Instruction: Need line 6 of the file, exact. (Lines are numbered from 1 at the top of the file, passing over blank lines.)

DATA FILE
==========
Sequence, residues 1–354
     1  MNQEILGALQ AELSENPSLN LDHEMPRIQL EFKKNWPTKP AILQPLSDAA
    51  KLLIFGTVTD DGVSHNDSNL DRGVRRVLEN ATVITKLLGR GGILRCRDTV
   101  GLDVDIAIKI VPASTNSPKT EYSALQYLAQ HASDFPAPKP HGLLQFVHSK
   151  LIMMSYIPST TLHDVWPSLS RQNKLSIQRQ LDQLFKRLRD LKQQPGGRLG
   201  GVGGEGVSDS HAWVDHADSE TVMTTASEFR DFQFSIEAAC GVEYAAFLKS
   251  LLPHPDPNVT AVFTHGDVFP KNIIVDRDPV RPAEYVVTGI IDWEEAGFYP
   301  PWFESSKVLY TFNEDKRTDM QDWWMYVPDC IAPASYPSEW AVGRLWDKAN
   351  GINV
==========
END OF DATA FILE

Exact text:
   201  GVGGEGVSDS HAWVDHADSE TVMTTASEFR DFQFSIEAAC GVEYAAFLKS